Re: [Harmony Proxies] Proposal: Property fixing

Brendan Eich-3
On Jun 16, 2011, at 11:26 AM, Mark S. Miller wrote:

On Thu, Jun 16, 2011 at 10:13 AM, David Bruant <[hidden email]> wrote:
Le 16/06/2011 18:15, Mark S. Miller a écrit :
> In summary, "configurable" was never a guarantee of anything.
> "non-configurable" was the only state that came with guarantees. Let's
> not weaken those.
Ok, with this defintion, it makes sense to not let proxies lie on
property configurability.
So does it even make sense to want non-configurable (fixed) properties
on proxies?
Back to Sean's initial e-mail on this thread, why would we want
individual non-configurable properties on proxies?

As a side note, if all properties are described as configurable, then, a
forwarding proxy will not properly forward when it comes to returning a
property descriptor if the target has a non-configurable property.

As far are I can tell, the only reason anyone is asking for non-configurable properties on trapping proxies is the issue raised by your side note. But for this issue, I see no need to allow fixing of individual properties on trapping proxies.

There is a second reason, mentioned recently: we are implementing the DOM on top of proxies, and the current WebIDL spec has non-configurable properties induced in its normative ES bindings from the IDL syntax. We want to match the spec.

/be


_______________________________________________
es-discuss mailing list
[hidden email]
https://mail.mozilla.org/listinfo/es-discuss
Reply | Threaded
Open this post in threaded view
|

Re: [Harmony Proxies] Proposal: Property fixing

Mark S. Miller-2


On Thu, Jun 16, 2011 at 4:05 PM, Brendan Eich <[hidden email]> wrote:
On Jun 16, 2011, at 11:26 AM, Mark S. Miller wrote:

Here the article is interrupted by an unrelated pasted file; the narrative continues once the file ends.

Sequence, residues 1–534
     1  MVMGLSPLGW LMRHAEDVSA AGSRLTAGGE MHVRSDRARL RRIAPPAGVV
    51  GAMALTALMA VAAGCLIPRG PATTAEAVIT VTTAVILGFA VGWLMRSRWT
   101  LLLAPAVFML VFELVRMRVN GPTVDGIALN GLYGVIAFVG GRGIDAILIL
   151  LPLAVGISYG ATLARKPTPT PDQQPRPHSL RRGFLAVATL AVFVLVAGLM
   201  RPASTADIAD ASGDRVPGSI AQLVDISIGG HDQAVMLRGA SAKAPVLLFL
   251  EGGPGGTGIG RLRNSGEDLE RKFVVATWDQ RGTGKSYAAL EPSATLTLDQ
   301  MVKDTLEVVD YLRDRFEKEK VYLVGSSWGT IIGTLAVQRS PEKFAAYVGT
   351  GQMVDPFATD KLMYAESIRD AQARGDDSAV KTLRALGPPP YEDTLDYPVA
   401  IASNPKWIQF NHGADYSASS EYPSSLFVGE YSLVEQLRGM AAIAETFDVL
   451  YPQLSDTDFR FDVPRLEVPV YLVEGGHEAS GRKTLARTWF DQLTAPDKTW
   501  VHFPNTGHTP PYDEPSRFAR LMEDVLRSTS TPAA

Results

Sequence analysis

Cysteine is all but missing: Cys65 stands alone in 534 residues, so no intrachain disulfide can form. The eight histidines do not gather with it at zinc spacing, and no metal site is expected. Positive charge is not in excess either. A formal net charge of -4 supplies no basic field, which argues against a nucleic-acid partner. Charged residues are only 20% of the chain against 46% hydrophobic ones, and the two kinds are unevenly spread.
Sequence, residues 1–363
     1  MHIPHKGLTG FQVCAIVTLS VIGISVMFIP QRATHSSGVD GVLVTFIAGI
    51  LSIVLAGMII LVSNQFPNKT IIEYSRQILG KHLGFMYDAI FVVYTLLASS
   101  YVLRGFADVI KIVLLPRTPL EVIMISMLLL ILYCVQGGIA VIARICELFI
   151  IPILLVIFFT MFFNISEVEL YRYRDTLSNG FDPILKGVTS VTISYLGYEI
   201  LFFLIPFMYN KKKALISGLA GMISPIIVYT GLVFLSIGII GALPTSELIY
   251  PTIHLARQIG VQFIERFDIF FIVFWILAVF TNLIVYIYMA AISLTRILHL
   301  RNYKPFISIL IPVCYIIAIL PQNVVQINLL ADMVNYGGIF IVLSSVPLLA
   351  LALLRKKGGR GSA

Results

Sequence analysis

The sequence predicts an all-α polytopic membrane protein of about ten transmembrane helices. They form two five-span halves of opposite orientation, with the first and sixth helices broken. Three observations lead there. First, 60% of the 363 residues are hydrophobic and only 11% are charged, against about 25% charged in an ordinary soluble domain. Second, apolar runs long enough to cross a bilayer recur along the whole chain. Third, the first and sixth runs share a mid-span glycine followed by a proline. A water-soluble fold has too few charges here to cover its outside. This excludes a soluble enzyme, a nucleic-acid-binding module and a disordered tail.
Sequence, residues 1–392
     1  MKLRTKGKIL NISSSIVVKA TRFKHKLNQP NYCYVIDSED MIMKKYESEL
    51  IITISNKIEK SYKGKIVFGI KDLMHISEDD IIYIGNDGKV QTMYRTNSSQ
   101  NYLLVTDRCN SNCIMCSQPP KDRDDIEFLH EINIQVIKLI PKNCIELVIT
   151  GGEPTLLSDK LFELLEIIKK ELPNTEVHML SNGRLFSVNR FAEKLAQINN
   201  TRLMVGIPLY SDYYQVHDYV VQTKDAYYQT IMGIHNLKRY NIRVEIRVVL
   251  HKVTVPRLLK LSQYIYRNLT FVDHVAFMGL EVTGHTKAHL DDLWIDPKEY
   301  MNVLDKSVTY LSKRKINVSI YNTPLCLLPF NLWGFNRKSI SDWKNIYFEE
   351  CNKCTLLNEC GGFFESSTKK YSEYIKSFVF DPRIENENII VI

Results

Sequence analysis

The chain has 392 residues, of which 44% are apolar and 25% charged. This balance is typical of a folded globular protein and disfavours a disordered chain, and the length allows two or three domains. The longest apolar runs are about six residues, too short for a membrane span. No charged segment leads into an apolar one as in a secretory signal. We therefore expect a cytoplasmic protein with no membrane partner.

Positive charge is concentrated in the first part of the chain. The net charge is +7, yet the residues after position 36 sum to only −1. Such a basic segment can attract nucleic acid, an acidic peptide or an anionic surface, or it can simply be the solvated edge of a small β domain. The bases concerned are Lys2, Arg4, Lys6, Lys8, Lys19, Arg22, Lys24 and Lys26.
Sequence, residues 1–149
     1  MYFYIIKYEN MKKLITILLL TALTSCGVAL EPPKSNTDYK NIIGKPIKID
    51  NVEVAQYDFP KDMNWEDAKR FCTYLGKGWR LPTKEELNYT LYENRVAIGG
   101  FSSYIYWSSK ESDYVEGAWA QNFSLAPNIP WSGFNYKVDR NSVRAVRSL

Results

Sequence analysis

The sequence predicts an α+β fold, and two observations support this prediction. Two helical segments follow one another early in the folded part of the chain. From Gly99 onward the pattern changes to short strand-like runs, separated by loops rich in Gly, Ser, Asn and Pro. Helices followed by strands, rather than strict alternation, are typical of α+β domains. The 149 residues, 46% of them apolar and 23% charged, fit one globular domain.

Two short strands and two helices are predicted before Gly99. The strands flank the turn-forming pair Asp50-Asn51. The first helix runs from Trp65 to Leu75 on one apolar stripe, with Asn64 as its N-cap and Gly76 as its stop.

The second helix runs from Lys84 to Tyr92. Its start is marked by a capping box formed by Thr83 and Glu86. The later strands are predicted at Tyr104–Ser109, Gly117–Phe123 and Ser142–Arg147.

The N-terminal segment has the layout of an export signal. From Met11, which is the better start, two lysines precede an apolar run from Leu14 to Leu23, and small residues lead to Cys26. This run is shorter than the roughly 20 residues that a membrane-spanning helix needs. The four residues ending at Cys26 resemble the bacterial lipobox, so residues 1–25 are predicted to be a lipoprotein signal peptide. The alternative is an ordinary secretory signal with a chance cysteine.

On Thu, Jun 16, 2011 at 10:13 AM, David Bruant <[hidden email]> wrote:
Le 16/06/2011 18:15, Mark S. Miller a écrit :
> In summary, "configurable" was never a guarantee of anything.
> "non-configurable" was the only state that came with guarantees. Let's
> not weaken those.
Ok, with this defintion, it makes sense to not let proxies lie on
property configurability.
So does it even make sense to want non-configurable (fixed) properties
on proxies?
Back to Sean's initial e-mail on this thread, why would we want
individual non-configurable properties on proxies?

As a side note, if all properties are described as configurable, then, a
forwarding proxy will not properly forward when it comes to returning a
property descriptor if the target has a non-configurable property.

As far are I can tell, the only reason anyone is asking for non-configurable properties on trapping proxies is the issue raised by your side note. But for this issue, I see no need to allow fixing of individual properties on trapping proxies.

There is a second reason, mentioned recently: we are implementing the DOM on top of proxies, and the current WebIDL spec has non-configurable properties induced in its normative ES bindings from the IDL syntax. We want to match the spec.

Perhaps the WebIDL spec should be revised in exactly the same we we're currently talking about revised arrays?